The flavor is equally as surprising. There is a hint of vegetative flavor to the flavor, but, only a hint. Not nearly what you might expect from a green tea. Instead, this is sweet and nutty, just like the aroma. The floral tones are there too, as well as a creamy note – a slight creaminess that I wouldn’t categorize as “buttery,” but more of a soft, mild, fresh cream kind of taste and texture.
This is really a remarkable Shincha, one that inspires a sense of calm and relaxation. Sure, it will also provide an energy boost, but, in a gentle sort of way, making it a great tea for the afternoon. It will help you de-stress while you quietly recharge your battery!
Leaf Type: Green
Where to Buy: Imperial Tea Garden
At 17.65% by dry weight, White Eagle Long Life green tea is one of the highest polyphenol antioxidant teas on the planet. The cup is abound with astringency, however, to the trained palate, notes of honey & orchid like sweetness intermingle. The unique production method of this Mao Feng tea grown in the Hunan Province of China, is highly regulated to ensure its authenticity. White Eagle Long Life’s reputation is preserved in the likes of
other great Mao Feng teas such as Dragon Well. White Eagle long life green tea may not grant immortality, however, the health benefits from removing oxidative stress is unsurpassed.
Learn more about this tea here.
The name was my first “hint” that this might be a white tea. And then there is the appearance of the dry leaves. These look like they could be a green tea with lots of silvery white tips … or a white tea with lots of … well, silvery white tips.
But the flavor and aroma give it away.
The aroma is grassy and sweet, reminding me of the smell of young grass in the springtime. The flavor has a very distinct “green-tea-ness” – fresh and vegetative, with a crisp sweetness. Sure, these words could be easily used to describe a white tea just as easily as a green, but, the flavor with this tea is stronger than a typical white. It tastes like a green tea, and this is one of the sweeter green teas that I’ve tasted, with well-defined floral notes and a honey-esque sweetness that lingers.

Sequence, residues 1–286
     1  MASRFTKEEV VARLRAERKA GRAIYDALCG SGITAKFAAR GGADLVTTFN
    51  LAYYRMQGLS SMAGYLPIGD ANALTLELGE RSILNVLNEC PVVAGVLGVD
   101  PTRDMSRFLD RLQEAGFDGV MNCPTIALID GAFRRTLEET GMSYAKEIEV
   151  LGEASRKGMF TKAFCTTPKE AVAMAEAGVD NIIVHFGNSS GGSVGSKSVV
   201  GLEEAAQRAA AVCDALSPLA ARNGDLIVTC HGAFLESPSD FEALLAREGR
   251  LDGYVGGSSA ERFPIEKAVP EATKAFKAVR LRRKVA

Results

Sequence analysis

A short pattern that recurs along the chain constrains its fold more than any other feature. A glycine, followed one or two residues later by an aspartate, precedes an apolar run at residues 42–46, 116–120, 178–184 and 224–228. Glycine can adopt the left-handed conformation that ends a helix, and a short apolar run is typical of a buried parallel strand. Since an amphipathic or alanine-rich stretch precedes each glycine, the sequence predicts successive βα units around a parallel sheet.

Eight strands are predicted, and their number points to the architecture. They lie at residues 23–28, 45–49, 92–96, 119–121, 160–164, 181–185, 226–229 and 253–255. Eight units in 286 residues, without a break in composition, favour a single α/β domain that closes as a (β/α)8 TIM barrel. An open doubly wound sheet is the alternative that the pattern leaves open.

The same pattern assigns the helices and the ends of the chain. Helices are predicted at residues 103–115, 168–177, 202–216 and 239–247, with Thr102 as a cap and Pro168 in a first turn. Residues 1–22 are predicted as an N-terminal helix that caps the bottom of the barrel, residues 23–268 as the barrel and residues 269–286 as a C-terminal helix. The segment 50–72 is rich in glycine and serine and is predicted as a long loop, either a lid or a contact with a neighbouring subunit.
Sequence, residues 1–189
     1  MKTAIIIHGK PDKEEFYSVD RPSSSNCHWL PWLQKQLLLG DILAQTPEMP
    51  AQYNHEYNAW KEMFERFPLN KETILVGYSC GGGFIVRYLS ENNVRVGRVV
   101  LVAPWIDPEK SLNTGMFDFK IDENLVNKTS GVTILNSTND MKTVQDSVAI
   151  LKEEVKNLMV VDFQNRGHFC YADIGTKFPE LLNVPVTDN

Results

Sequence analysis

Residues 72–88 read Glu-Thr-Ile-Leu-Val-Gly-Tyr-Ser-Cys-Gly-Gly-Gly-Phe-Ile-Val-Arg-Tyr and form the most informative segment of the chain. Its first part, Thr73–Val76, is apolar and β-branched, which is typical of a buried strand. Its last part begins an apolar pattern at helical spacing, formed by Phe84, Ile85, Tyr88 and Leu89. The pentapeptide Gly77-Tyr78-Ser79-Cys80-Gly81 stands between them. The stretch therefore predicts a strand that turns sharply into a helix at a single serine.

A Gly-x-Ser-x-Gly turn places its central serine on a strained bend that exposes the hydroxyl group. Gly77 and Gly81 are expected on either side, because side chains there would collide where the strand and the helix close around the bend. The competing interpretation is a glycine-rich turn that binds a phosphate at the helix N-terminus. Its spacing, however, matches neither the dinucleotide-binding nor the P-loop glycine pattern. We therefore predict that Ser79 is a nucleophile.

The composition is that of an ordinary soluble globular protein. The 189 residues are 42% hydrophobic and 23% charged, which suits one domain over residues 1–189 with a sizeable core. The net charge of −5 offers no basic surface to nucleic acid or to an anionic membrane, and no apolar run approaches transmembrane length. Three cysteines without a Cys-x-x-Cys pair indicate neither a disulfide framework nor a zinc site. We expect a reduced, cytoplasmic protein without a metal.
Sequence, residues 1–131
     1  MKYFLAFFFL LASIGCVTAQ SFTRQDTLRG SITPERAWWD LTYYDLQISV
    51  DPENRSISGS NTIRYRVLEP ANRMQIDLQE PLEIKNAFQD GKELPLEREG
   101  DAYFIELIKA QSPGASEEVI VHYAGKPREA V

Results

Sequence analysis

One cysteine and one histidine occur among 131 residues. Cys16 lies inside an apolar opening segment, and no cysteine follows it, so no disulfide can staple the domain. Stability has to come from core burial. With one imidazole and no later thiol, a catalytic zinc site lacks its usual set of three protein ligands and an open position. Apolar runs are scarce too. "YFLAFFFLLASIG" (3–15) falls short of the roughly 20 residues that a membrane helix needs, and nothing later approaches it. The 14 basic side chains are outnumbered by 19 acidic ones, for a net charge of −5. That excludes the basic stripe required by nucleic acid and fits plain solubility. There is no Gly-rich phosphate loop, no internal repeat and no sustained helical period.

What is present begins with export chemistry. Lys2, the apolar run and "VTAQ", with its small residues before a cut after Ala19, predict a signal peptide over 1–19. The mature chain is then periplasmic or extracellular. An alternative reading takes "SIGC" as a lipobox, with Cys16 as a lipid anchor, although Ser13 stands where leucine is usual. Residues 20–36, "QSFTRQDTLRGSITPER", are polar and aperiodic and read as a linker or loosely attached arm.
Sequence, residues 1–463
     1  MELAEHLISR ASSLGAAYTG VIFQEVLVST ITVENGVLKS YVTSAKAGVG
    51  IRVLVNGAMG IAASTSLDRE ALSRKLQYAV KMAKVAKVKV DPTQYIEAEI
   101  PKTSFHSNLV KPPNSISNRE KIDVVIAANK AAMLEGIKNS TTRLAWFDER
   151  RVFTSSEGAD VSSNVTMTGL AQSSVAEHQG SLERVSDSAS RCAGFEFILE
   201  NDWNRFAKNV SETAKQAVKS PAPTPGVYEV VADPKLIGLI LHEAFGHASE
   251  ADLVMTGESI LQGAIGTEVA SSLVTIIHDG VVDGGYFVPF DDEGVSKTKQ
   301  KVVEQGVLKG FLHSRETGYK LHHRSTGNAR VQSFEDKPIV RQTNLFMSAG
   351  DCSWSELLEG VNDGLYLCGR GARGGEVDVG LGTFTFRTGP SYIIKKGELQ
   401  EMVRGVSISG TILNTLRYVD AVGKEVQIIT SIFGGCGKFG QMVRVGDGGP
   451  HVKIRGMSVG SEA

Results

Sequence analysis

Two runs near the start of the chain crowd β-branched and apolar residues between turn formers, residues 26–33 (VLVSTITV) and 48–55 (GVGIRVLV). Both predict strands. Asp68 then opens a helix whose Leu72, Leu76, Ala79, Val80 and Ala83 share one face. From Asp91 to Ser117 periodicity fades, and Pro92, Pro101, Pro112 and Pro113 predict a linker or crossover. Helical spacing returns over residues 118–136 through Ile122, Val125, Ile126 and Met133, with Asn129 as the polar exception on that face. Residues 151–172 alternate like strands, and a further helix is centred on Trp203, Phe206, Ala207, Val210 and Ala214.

The description of this tea suggests a strong astringency, and at the start, I didn’t really get that. I detected some astringency, certainly, but, I certainly would not describe this tea as astringent. As I continue to sip, the astringency builds slightly, but only slightly. Perhaps it is the way I chose to steep it? I put a generous amount of the tea (a heaping teaspoonful) of tea into my gaiwan, and heated the water to 170°F, and infused the first infusion for 1 minute, adding 15 seconds to each subsequent infusion. This produced a lovely tea, and made for six very flavorful infusions.
So, whether you are a fan of white tea, or of green tea, this is a tea that you should definitely try!